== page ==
Police body-worn cameras (BWCs) have been a topic of interest in recent months because of their touted benefits of reducing use of force and improving accountability. Thousands of law enforcement agencies in the U.S. have already implemented BWC technology. Conversely, only a handful of agencies in Canada have adopted body cameras.
The largest police service in Canada -- the RCMP -- recently decided to abandon plans to adopt BWCs citing high costs as a main reason. However, the largest municipal service in the country -- the Toronto Police Service (TPS) -- is in the process of finding a suitable supplier before implementing the technology. This comes in response to Toronto's 10-month long study that failed to determine the effectiveness and efficacy of BWCs.
Shortly after the TPS results were released, the Ottawa Police Service (OPS) announced plans to conduct its own study of BWCs in 2017. However, the high costs required to fund a body camera study has hindered Ottawa's plans, and it is uncertain whether or not the service will test the technology.
Among the larger services, only Toronto, Calgary, Edmonton, and Montreal have tested or are currently studying the technology. The only police service in the country to standardize BWCs for its officers is the Amherstburg Police Service -- a small agency in southwestern Ontario.
Why is body camera adoption in Canada moving at a snail's pace compared to that of the U.S.? One reason is because of the cost. The U.S. Department of Justice approved $75 million in grants for local police services to implement BWCs. In Canada, it is up to the local agencies to fully fund BWC implementation.
The costs and the utility of the technology are major issues.
The cost of BWCs are concerning. Despite advances in the technology and cost saving strategies such as cloud-based storage, this technology is not cheap and requires long-term investment and commitment for already cash-strapped police services. Unless there is a government mandate (provincial and/or federal) that provides grants to local agencies, police services will continue to pass on body camera implementation.
Another reason Canadian agencies are not adopting BWCs is because they may not need the technology. A main claim by BWC proponents is that they reduce use of force and citizen complaints. However, these complaints are reported infrequently within several agencies.
For example, Ontario currently has 53 municipal agencies with about half of those being small to medium services. Many of these services receive less than ten complaints per year and some do not even have any reported use of force incidents against members of the public. This is also true for dozens of municipalities that are under OPP control. Why would a service/municipality spend hundreds of thousands of dollars for something they do not need?
The costs and the utility of the technology are major issues. However, the most important reason agencies in Canada are not rushing to adopt BWCs is because of policy concerns. Creating an effective policy may be one of the most challenging issues regarding this technology.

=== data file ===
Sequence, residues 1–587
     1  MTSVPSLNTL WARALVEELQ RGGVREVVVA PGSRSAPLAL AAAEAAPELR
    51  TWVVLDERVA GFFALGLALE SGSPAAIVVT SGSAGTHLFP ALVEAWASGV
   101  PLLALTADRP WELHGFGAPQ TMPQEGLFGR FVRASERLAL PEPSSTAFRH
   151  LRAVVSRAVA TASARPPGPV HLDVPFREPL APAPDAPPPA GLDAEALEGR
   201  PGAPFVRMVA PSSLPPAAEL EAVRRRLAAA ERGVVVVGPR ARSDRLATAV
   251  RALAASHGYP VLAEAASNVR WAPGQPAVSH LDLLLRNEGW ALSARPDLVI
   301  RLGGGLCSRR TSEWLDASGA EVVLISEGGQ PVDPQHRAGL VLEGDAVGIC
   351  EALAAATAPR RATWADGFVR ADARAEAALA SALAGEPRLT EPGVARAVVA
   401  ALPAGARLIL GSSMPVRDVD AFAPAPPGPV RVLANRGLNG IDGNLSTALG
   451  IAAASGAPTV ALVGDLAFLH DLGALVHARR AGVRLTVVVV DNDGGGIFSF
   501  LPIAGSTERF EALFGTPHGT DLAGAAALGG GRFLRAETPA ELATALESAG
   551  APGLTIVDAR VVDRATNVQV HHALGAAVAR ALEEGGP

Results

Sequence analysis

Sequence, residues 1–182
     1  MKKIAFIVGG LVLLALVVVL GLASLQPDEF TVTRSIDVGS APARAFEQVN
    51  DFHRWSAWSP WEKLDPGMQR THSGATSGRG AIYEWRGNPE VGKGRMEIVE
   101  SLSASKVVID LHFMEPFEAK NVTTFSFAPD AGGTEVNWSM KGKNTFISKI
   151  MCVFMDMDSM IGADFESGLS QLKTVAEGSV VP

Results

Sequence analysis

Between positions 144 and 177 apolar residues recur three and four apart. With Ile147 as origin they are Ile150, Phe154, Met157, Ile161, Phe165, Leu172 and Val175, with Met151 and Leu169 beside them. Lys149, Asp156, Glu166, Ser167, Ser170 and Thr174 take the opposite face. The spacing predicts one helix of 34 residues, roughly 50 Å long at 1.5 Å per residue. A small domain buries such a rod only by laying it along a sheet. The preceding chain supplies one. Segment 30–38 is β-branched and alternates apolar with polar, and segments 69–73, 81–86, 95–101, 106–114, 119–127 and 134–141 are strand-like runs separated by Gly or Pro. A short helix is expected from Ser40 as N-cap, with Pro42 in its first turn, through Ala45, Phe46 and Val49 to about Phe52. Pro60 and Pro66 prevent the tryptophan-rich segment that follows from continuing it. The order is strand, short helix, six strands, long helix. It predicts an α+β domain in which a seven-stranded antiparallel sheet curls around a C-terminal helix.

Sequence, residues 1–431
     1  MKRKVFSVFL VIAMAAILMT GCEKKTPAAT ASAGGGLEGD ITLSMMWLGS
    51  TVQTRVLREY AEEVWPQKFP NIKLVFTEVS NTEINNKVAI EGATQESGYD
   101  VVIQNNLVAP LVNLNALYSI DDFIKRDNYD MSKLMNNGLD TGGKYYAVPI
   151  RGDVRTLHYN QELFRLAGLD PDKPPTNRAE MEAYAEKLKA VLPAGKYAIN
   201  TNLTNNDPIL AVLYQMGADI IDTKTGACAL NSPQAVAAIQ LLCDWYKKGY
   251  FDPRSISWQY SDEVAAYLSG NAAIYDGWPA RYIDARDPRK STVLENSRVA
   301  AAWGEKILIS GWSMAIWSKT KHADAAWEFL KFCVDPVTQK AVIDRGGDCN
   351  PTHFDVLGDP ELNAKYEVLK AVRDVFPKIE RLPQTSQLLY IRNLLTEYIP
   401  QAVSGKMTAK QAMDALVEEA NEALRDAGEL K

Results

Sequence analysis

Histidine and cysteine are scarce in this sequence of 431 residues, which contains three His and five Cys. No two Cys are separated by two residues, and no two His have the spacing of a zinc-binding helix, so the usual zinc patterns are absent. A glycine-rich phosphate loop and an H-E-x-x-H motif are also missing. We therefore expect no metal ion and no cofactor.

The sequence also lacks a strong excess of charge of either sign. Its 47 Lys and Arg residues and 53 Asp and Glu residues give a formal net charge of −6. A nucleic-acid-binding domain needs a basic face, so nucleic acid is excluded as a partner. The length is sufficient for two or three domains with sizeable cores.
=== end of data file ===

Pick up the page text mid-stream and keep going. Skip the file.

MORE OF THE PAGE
There has yet to be a definitive discussion around privacy, officer discretion over recording, access to footage, and storage. The Office of the Privacy Commissioner of Canada published a guide in 2015 for the use of BWCs by law enforcement agencies. The document addresses the issues around privacy, access, and storage, but it only serves as a guideline for agencies wishing to adopt BWCs. Thus, local agencies are responsible for creating and enforcing a BWC policy.
In the U.S., there are several examples of weak and/or non-existent BWC policies. According to a 2016 study by The Leadership Conference on Civil and Human Rights, several agencies that have policies do not make them available to the public and have a number of shortfalls regarding privacy and access. Some state legislatures have even passed laws that restrict and prohibit body camera footage from being released to the public.
The current state of BWC policies in the U.S. are weak and inconsistent, and policies in Canada are at risk of following suit if we fail to engage in meaningful discussions surrounding BWC use.
Agencies that are contemplating adopting BWCs need to rigorously test this technology to determine its efficacy.
Going further, this technology is advancing so rapidly that camera models currently in use will be outdated by this time next year. At present, some manufacturers are working on new models which will employ facial recognition technology. Cameras will be able to identify a person of interest and signal the officer wearing the BWC to apprehend the individual. The problem with quickly advancing technology (and profit driven manufacturers) is that it will always be steps ahead of any policy, and in the case of Canada, leaps ahead.
Most Canadian police services that are sitting back on adopting BWCs are being wise and perceptive. Investing in BWC technology is a significant decision communities must be cautious with. The evidence concerning the effectiveness of BWCs is inconclusive, and the public needs to be mindful that there may be more issues with this technology than benefits in the long-term.
Body cameras may be a useful tool for some large agencies. Agencies that are contemplating adopting BWCs need to rigorously test this technology to determine its efficacy. However, public expectations need to be realistic if and when this technology is implemented. BWCs will not always guarantee the outcome people want, and they will not appease everyone. For most police services in Canada, and for the communities they serve, it may be wiser to spend money on necessary resources or invest it back into the communities rather than take a risk on something that has yet to be proven.
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